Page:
The Greek Revolution: 1821 and the Making of Modern Europe. By Mark Mazower. Penguin Press; 608 pages; $35. Allen Lane; £30
WHEN A COALITION of footloose merchants, sea captains, hard-pressed peasants, landlords, bandits, clerics and intellectuals raised the flag against the Ottomans in the spring of 1821, the great powers of Europe knew exactly what they thought. This impertinent move to establish a state called Greece spelled trouble and should be discouraged.
After six years of grinding warfare, economic ruin and atrocities, the calculus shifted. Europe’s masters felt they had more to fear from an Ottoman victory, with all the punitive killings and deportations that would follow. In October 1827 the British, French and Russian navies—notionally bent on enforcing a truce—sank the Ottoman and Egyptian fleet in Navarino Bay. That did not instantly create a functioning Greek state, but it was a matter of time.
In turn that set a precedent for the emergence of other small, proud European states, wrested from the grip of the Russian, Austro-Hungarian and Ottoman empires—a process lasting until the final collapse of those empires during or soon after the first world war. As the subtitle of Mark Mazower’s new book maintains, events in Greece 200 years ago helped shape modern Europe. His elegant and rigorous account also holds lessons for modern geopolitics: about the galvanising effects of violence, the role of foreign intervention and the design flaws in dreams.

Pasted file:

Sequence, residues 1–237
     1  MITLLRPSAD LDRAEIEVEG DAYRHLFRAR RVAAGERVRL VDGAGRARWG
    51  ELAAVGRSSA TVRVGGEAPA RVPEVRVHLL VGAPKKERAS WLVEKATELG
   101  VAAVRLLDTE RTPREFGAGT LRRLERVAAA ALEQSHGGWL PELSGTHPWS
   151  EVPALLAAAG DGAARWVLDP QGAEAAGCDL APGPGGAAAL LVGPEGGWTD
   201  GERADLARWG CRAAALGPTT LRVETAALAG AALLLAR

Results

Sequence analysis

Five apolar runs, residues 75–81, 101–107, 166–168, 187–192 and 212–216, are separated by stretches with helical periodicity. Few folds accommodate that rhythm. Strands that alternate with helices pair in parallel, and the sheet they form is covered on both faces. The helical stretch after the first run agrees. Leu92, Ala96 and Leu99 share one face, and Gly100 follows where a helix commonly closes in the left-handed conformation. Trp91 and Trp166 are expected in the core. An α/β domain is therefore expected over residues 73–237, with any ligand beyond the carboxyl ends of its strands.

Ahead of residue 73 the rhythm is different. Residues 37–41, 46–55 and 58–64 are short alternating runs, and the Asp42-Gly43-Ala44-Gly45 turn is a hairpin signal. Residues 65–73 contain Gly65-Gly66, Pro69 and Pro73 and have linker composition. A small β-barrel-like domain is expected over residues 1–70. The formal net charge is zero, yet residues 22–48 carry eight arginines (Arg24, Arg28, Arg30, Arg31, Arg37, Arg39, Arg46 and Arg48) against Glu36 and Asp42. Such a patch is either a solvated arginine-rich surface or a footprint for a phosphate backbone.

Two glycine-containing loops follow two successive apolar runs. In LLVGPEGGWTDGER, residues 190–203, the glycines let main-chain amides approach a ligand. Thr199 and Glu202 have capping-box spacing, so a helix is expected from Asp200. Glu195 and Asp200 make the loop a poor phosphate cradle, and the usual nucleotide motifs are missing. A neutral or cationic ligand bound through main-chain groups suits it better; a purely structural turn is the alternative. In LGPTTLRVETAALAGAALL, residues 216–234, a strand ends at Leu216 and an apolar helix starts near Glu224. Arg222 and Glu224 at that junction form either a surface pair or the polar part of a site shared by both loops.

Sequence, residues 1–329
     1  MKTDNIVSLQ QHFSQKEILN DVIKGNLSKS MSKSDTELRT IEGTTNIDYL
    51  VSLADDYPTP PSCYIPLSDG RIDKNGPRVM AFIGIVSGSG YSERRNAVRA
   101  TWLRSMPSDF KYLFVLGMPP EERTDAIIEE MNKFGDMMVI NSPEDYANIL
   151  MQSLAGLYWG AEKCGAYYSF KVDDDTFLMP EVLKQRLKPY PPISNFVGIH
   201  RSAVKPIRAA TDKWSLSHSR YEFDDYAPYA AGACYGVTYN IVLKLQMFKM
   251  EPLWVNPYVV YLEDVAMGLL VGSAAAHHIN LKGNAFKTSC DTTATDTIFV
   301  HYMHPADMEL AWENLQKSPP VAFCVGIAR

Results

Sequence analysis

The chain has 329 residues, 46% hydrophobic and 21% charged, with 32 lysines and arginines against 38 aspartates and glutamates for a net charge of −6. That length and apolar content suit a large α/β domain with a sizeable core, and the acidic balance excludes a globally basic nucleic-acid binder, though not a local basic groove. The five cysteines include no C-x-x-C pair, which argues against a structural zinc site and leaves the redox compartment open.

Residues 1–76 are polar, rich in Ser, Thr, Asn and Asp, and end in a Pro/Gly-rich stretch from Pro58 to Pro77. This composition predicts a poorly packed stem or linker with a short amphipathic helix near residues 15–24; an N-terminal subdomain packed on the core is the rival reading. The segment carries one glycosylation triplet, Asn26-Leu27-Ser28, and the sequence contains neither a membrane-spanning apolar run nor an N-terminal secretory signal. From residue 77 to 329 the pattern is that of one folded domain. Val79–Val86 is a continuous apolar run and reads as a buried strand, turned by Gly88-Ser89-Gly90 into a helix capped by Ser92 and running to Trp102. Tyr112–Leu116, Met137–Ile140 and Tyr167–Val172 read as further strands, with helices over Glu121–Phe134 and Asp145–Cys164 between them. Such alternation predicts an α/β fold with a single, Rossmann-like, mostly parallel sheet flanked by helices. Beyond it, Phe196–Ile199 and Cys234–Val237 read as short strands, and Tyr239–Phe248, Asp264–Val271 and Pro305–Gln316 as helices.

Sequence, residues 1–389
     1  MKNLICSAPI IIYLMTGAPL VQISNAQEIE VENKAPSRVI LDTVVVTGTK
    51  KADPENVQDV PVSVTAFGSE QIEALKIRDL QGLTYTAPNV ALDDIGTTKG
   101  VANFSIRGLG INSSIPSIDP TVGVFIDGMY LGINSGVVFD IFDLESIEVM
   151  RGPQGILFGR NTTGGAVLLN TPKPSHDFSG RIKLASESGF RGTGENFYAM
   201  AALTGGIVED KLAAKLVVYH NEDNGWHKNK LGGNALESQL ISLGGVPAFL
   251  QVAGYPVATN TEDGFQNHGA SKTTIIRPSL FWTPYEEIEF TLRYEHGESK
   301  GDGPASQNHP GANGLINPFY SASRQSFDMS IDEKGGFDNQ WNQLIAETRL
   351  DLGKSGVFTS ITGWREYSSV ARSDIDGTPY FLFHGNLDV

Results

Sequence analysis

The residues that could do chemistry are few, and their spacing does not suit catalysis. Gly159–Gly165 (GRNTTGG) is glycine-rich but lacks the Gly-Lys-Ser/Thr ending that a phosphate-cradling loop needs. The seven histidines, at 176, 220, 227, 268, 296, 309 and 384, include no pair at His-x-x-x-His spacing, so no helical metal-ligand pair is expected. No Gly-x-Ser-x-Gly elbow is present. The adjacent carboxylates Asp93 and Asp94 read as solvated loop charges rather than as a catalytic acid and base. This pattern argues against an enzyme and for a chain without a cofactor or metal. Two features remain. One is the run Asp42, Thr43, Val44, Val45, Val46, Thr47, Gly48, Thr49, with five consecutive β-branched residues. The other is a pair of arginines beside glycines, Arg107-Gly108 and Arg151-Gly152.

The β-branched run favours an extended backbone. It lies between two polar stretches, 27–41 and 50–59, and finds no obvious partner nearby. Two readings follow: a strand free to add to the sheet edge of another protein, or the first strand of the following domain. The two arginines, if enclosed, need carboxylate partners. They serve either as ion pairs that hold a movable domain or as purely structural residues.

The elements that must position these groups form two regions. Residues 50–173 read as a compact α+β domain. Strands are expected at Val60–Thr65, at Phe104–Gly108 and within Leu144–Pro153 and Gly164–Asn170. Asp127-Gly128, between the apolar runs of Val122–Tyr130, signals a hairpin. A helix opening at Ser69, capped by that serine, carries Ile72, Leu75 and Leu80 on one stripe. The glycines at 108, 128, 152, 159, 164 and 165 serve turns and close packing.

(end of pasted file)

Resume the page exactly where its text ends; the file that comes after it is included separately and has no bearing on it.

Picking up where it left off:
What changed the international view of the Greek struggle? To some extent, the emergence of a new phenomenon called public opinion. As Mr Mazower recalls, the Ottoman response to the uprising fanned philhellenic sentiment across Europe and America. Russia was appalled by the hanging of the Orthodox Patriarch in Constantinople; liberal Europeans and Americans were shocked by the slaughter of tens of thousands of Greeks on the island of Chios. Western idealists (including Lord Byron) flocked to fight for Hellenic freedom.
A powerful view of the drive for Greek independence is cynical about all this. And some Western philhellenes were indeed horrified when, after arriving in this supposedly enchanted land, they found that in appearance and manners the insurgent Hellenes were not so dissimilar from the Ottomans. One volunteer, Thomas Gordon, was dismayed by seeing a massacre of Muslims and Jews in the Peloponnesian stronghold of Tripolitsa.
Mr Mazower acknowledges the sins of some Greek warlords, but his emphasis is different. Somewhere amid the bloodlust, flight and ethnic cleansing, he says, a change in consciousness came about. “A new collective understanding of the Greek nation emerged out of the wartime refugee experience,” not least as those involved “came from all over the Greek world”.
He writes sympathetically of the swashbuckling commander Georgios Karaiskakis, who, after some impressive victories, was slain in battle in 1827. As the author describes him, Karaiskakis came from a world of near-anarchy and opportunism in northern Greece but grasped that panhellenic interests must prevail over personal squabbles (a leap some bigwigs failed to make). If such laudatory views were expressed in a Greek textbook, they might be dismissed as patriotic hype. But coming from Mr Mazower, an eminent historian of the Balkans, they command respect.